Resulting from this rude awakening, Germany would begin to align itself with reclaiming (or at least in words alone) the culture of Kaliningrad. Airing on the side of revanchism, restoring Germany’s 1937 borders became the political objective of many political parties in Germany. In 1990, the “Two Plus Four Contract” would be created (allowing German unity under the pretext they join NATO, Gorbachev later agreeing under the pretext NATO doesn’t move Eastward…spoilers they did). For a while, German politicians just wouldn’t accept that Kaliningrad was no longer theirs, exemplified by Erica Steinbach’s war for the territory, irritating the Poles in the process. By the 90s, Kaliningrad had turned into a tourist destination for homesick emigrated Germans and instead of their childhood home they were greeted with something completely different (apparently this was a bad thing?). However, it ended around the mid-90s as those who had lived there as children were now old and dying off, replaced with children with no connection.
By the 2000s, and Kaliningrad’s identity would undergo another change. This time, Russians who felt themselves part of the European landscape more than the Russian one began using Kaliningrad as their base, traveling into EU countries for holiday and cultural activities rather than Russia. This muddied the waters, as the constitution of Kaliningrad became ever more connected with Europe. Further, many elements of Kalinigrad’s public and cultural infrastructure is paid for by EU funding, leading to the question, “Does Kaliningrad really belong to Russia anymore?” Kaliningrad has become a place of Russian tourism as well, people coming from as far as Ulan-Ude for tourist activities, as you get the benefit of staying in Russia but the advantages of European closeness. However, resurgence of cultural connection within the German/Soviet German communities have also disrupted easy associations of Kaliningrad as a “Russian” cultural territory as well.
Kaliningrad’s Issue with “Germanization”
This point cannot be stressed enough, as currently this is one of the most pressing issues of Kaliningrad’s contemporary history. As Meduza notes, German “agents of influence” are populating Kaliningrad and drastically changing the landscape leading to one publication to state that in a few decades Kaliningrad will perhaps secede from Russia completely, having their cultural differences spark the division. However, Russian politicians won’t have it and are noticing the surreptitious influence of German actors upon the cultural landscape. Meduza goes into many of the specific cases of said anti-Germanization of the Russian government, but two phrases ring as paralleling the 19th century divide of the Slavophiles vs. Westerners. Namely, “mourners for Koenigsberg” and the “creeping Germanization,” two phrases that signal neo-Soviet ideations of cultural individualism and national ownership, although it could be argued the Russians have as much claim on Kaliningrad as the Germans do.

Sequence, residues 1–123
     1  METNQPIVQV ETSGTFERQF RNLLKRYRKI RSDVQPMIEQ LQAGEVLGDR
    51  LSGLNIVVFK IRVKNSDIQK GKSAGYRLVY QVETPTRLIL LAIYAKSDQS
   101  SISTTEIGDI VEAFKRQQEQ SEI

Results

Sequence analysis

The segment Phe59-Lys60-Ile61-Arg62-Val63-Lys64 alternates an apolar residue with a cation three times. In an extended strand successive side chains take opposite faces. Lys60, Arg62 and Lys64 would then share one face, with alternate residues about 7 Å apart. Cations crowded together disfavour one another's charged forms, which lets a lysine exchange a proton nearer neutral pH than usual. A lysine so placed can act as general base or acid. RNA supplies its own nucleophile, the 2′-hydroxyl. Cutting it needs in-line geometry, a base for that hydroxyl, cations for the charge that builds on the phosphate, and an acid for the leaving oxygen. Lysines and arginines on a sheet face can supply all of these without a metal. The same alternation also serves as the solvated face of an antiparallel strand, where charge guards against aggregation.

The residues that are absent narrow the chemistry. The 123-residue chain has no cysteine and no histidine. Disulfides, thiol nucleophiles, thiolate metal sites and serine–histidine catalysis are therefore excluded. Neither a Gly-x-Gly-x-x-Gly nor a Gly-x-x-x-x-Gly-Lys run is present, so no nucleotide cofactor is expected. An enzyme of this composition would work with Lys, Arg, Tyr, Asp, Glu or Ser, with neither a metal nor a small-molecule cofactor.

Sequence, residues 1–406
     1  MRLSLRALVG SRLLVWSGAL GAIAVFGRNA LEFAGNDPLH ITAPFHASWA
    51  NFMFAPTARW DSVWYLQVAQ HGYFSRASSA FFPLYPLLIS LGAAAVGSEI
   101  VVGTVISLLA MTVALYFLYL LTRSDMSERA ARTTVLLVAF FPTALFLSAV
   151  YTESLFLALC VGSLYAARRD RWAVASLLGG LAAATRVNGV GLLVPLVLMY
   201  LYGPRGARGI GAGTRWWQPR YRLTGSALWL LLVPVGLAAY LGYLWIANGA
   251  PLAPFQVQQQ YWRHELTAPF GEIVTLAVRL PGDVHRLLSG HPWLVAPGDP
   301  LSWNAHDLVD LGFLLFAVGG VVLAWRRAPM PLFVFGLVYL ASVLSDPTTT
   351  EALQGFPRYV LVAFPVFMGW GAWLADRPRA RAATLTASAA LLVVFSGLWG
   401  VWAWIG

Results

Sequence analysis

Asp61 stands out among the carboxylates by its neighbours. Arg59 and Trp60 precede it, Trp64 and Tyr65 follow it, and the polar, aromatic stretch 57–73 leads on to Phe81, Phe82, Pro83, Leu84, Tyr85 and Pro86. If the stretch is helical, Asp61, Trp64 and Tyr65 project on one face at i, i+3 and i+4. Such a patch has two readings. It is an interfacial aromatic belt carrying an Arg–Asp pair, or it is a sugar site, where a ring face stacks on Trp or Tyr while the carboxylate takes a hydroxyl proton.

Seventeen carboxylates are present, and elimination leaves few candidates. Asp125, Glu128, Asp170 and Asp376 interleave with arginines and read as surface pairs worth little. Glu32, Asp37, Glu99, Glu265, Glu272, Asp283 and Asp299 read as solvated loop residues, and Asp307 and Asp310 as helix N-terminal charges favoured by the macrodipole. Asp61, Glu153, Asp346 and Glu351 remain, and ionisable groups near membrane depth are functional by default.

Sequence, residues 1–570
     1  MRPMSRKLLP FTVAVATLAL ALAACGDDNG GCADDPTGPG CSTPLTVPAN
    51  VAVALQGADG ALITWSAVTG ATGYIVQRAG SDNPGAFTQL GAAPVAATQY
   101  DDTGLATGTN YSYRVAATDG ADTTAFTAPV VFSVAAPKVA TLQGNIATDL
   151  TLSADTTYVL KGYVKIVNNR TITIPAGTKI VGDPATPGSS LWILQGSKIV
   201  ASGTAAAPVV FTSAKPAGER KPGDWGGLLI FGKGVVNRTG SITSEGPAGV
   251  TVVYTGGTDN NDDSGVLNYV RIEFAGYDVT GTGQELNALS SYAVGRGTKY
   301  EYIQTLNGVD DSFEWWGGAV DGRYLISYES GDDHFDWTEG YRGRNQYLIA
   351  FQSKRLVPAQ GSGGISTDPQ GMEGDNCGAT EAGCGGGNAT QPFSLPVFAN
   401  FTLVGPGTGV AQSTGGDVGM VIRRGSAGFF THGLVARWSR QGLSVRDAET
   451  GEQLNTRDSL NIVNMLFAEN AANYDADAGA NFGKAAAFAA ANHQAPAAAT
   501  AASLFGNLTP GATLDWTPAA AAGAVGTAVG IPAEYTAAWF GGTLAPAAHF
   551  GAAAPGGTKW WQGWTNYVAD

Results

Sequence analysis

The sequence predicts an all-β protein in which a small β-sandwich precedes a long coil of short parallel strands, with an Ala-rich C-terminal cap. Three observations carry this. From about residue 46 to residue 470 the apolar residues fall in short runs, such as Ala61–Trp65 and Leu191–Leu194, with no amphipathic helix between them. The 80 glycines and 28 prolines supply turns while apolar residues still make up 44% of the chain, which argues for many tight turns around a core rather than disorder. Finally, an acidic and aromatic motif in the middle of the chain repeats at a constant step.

In the mid-2010s, “Germanization” reached Russian public media, and once that happened hysteria began to grow about the threat of cultural erasure and the national demon that was “Germanization” upon the sacred grounds of the Russian homeland. Not excusing German cultural actors from immorally attempting to change cultural opinion, but as the polemic grew in Russian world, more and more focus was placed on destabilizing Germany’s hold on Kaliningrad. Cultural institutions were closed of German orientation, and arrests of pro-German underground militia groups were carried out. As recent as 2021, statements from Sergei Lavrov point to the feelings of ownership Russia has over Kaliningrad’s historical and cultural ties to the Russian nation, going so far as to downplay (or erase completely) the Germanic past of the territory.
Meduza gives a potential answer to the questions, “Could Kaliningrad turn German again?” through a quotation of one German politician, Bernd Fabricius:
In Germany, Russian discussions about the “Germanization” of Kaliningrad cause, according to the head of the “Union of the Exiles” Bernd Fabricius, bewilderment and indignation in half. According to him, just as the Russian Federation has no rights to the regions belonging to Ukraine, so Germany has no right to doubt the structure of the borders, according to which Kaliningrad has been part of Russia since 1946. “Otherwise it would be political barbarism and robbery,” he said.Bernd Fabricius
Others note the “Germanization” threat was pretext for the invasion of Ukraine, i.e., restoration and protection of cultural and historical (national) unity. However, Moscow has little control over what happens in Kaliningrad, and is mostly run by local officials who take orders from Moscow. This caused a divide in opinion over how much in control Putin really is over the events and decision within the territory. In any case, Meduza notes Kaliningrad’s cut in funding in 2023, as well as the drop of Kaliningrad’s ties to the EU thanks to COVID and the war’s ostracization of Russia from the European landscape. This may have cemented Kalinigrad’s future, both a part of the EU by geography but always nationally part of Russia.
What do you think? Must Kaliningrad be returned to Germany? Is it the same as returning Ukraine to Russia? Are there parallels or are these cases different?